5. In combination: a valve body defining a hot fluid inlet chamber and cold fluid inlet chamber located centrally within the body, an outlet chamber means located atone end of the body, and an operator chamber located at the other end of the body; a first valve seat located adjacent the end of the cold fluid chamber nearest the operator chamber; a hot valve seat located in the end of the hot inlet chamber nearest the outlet chamber means; a first valve element movable toward and away from the cold valve seat to control flow therepast; a second valve element movable toward and away from the hot valve seat to control flow therepast; means mounting the cold valve element comprising a first pressure-balancing bellows disposed in the cold inlet chamber with one of its ends sealed to a surface of the valve body located adjacent the outlet chamber means, and with its other end sealed to the cold valve element; means forming a passage between the bellows interior and the outlet chamber means, where by the exterior surface of the bellows is exposed to the cold inlet chamber and the interior surface of the bellows is exposed to the outlet chamber means; means mounting the hot valve element comprising a second pressure-balancing bellows disposed in the hot inlet chamber with one of its ends sealed to a surface of the valve body cated adjacent the operator chamber, and with its other end sealed to the hot valve element, whereby the exterior surface of said second bellows is exposed to the hot inlet chamber and the interior surface of said second bellows is exposed to the outlet chamber means; said first bellows having substantially the same effective area as the cold valve seat, and said second bellows having substantially the same effective area as the hot valve seat.

6. In combination: a valve body defining a hot fluid inlet chamber and cold fluid inlet chamber located centrally within the body, an outlet chamber means located at one end of the body, and an operator chamber located at the other end of the body; a first valve seat located adjacent the end of the cold fluid chamber nearest the operator chamber; a hot valve seat located in the end of the hot inlet chamber nearest the outlet chamber means; a first valve element movable toward and away from the cold valve seat to control flow therepast; a second valve element movable toward and away from the hot valve seat to control flow therepast; means mounting the cold valve element comprising a first pressure-balancing bellows disposed in the cold inlet chamber with one of its ends sealed to a surface of the valve body located adjacent the outlet chamber means, and with its other end sealed to the cold valve element; means forming a passage between the bellows interior and the outlet chamber means, whereby the exterior surface of the bellows is exposed to the cold inlet chamber and the interior surface of the bellows is exposed to the outlet chamber means; means mounting the hot valve element comprising a second pressure-balancing bellows disposed in the hot inlet chamber with one of its ends sealed to a surface of the valve body located adjacent the operator chamber, and with its other end sealed to the hot valve element, Where by the exterior surface of said second bellows is exposed to the hot inlet chamber and the interior surface of said second bellows is exposed to the outlet chamber means; said first bellows having substantially the same effective area as the cold valve seat, and said second bellows having substantially the same effective area as the hot valve seat; means for moving the two valve elements comprising a first stem connected with the first valve element and extending into the operator chamber, a second stem connectcd with the second valve element and extending into the operator chamber, lever means disposed in the operator chamber with one of its ends engaging the first stem and with its other end engaging the second stem, temperature-responsive power means engaging an intermediate portion of the lever means, and spring means biasing the cold valve element against the cold seat, whereby temperature increase of the power means is effective to pivot the lever means on the first stem until the hot valve element is closed and to them pivot the lever means on the second stem to open the cold Valve element, and temperature decrease of the power means is effective to permit the spring means to bias the cold valve element closed, after which the lever means pivots on the first stem to open the hot valve element.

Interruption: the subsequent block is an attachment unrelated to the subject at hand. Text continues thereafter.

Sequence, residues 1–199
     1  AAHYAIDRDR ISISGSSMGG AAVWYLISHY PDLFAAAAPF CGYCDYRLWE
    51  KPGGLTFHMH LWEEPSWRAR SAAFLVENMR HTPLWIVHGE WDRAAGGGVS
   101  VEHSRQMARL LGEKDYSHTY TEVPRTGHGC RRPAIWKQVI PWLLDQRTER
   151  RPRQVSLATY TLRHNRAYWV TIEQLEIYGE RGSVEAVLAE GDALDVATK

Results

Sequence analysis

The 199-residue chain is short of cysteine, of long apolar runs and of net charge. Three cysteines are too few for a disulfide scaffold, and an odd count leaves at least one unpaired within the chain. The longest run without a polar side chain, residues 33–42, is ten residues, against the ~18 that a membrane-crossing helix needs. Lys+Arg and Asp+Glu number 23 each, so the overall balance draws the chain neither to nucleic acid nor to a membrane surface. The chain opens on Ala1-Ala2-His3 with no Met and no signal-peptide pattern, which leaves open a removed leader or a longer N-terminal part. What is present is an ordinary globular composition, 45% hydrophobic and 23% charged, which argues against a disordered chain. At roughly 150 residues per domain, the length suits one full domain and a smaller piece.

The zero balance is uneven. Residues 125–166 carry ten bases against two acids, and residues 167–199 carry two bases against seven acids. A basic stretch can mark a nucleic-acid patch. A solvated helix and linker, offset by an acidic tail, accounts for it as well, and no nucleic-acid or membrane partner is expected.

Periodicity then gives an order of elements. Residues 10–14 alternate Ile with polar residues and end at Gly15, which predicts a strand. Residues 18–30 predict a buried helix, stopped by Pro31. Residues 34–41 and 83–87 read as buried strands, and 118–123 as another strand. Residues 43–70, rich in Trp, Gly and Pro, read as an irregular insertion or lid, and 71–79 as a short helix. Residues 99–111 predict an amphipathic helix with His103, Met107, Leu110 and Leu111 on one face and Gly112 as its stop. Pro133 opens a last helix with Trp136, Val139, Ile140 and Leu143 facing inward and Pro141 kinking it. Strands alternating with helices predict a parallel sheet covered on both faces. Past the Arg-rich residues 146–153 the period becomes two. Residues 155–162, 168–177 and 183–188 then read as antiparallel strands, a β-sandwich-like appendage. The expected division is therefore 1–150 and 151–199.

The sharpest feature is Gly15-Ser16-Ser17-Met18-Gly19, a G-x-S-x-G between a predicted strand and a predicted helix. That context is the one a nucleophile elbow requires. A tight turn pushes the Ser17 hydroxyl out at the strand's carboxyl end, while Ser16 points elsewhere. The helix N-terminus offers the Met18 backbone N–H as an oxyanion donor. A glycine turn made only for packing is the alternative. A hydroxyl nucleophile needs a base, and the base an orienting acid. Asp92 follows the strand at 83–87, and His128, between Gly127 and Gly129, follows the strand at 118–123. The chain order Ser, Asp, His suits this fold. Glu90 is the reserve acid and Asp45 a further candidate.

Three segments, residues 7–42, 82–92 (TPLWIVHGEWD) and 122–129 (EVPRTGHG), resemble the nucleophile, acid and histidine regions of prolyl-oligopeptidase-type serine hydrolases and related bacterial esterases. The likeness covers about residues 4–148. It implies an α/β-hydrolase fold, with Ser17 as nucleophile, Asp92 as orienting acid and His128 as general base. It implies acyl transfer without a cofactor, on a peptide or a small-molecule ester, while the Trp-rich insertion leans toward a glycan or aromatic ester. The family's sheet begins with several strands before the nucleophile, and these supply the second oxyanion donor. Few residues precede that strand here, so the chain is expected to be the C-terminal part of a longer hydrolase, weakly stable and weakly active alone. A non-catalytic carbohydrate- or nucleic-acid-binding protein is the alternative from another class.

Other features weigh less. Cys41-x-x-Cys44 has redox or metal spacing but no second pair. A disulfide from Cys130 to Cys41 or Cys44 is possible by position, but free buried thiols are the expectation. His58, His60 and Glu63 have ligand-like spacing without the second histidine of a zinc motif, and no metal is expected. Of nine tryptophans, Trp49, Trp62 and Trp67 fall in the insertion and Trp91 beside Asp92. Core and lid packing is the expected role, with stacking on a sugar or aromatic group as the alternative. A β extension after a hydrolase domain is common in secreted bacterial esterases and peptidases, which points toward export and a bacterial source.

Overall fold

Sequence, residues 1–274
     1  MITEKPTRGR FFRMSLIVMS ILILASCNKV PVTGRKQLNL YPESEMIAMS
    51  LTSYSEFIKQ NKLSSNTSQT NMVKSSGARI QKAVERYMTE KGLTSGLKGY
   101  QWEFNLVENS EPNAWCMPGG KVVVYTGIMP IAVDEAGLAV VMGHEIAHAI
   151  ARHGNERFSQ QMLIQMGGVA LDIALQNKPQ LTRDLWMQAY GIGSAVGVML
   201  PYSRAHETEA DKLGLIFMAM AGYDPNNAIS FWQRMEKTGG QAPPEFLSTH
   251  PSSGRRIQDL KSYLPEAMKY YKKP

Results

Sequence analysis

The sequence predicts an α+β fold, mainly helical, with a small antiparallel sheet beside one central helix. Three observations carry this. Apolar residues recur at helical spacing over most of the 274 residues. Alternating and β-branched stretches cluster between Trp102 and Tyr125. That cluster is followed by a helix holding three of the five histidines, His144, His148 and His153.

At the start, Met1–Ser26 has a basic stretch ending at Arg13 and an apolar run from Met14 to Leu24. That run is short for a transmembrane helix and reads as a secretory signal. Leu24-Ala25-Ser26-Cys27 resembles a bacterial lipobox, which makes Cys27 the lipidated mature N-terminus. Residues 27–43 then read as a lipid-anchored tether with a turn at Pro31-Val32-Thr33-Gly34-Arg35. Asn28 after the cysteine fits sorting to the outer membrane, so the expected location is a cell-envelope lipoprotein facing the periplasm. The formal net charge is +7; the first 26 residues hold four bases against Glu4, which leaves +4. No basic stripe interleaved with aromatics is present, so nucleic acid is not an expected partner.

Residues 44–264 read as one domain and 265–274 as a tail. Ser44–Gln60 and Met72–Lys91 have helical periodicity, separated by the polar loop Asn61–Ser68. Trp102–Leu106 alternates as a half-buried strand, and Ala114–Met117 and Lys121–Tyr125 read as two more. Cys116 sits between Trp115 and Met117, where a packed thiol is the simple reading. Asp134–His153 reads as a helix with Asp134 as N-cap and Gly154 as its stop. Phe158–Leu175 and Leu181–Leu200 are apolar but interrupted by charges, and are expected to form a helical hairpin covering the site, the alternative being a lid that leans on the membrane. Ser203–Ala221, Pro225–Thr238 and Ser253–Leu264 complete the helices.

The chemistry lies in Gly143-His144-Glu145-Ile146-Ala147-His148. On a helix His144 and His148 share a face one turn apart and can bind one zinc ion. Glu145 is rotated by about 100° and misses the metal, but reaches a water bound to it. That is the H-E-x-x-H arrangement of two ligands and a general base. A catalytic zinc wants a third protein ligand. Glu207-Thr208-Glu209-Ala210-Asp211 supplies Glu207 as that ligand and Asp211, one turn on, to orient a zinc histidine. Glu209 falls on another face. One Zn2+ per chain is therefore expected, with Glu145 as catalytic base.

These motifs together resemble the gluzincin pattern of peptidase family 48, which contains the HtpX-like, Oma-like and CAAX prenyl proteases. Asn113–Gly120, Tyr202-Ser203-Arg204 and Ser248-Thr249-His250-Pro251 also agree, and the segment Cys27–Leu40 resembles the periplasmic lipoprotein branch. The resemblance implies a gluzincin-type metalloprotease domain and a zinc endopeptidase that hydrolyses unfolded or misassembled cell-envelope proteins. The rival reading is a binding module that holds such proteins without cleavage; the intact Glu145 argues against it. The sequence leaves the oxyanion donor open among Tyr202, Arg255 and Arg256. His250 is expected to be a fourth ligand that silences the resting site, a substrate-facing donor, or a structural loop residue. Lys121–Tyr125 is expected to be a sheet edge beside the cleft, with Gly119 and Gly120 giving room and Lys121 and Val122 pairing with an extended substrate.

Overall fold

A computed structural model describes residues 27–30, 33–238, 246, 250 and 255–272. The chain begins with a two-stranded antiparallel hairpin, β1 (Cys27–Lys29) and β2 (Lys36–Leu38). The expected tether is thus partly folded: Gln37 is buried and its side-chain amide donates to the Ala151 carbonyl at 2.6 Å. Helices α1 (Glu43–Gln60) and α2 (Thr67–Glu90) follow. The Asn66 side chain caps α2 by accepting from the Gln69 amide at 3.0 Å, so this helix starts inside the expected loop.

References Cited by the Examiner UNITED STATES PATENTS EDWARD J. MICHAEL, Primary Examiner.

Patent Citations
Cited PatentFiling datePublication dateApplicantTitle
US3182909 *Aug 1, 1962May 11, 1965American Radiator & StandardAir conditioner valve
US3189275 *Oct 4, 1961Jun 15, 1965Danfoss Ved Ing M ClausenHeating and cooling plant
Referenced by
Citing PatentFiling datePublication dateApplicantTitle
US3952796 *Apr 7, 1975Apr 27, 1976Larson Richard CTemperature control system
US4114806 *Apr 27, 1977Sep 19, 1978Danfoss A/SThermostatically actuated regulator for a 4-lead air conditioning plant
US4323112 *Mar 6, 1979Apr 6, 1982Mark Controls CorporationNo energy band temperature control
Classifications
U.S. Classification236/1.00C
International ClassificationF24F3/10, G05D23/13, F24F3/06, G05D23/01
Cooperative ClassificationG05D23/1366, F24F3/10
European ClassificationG05D23/13B4G, F24F3/10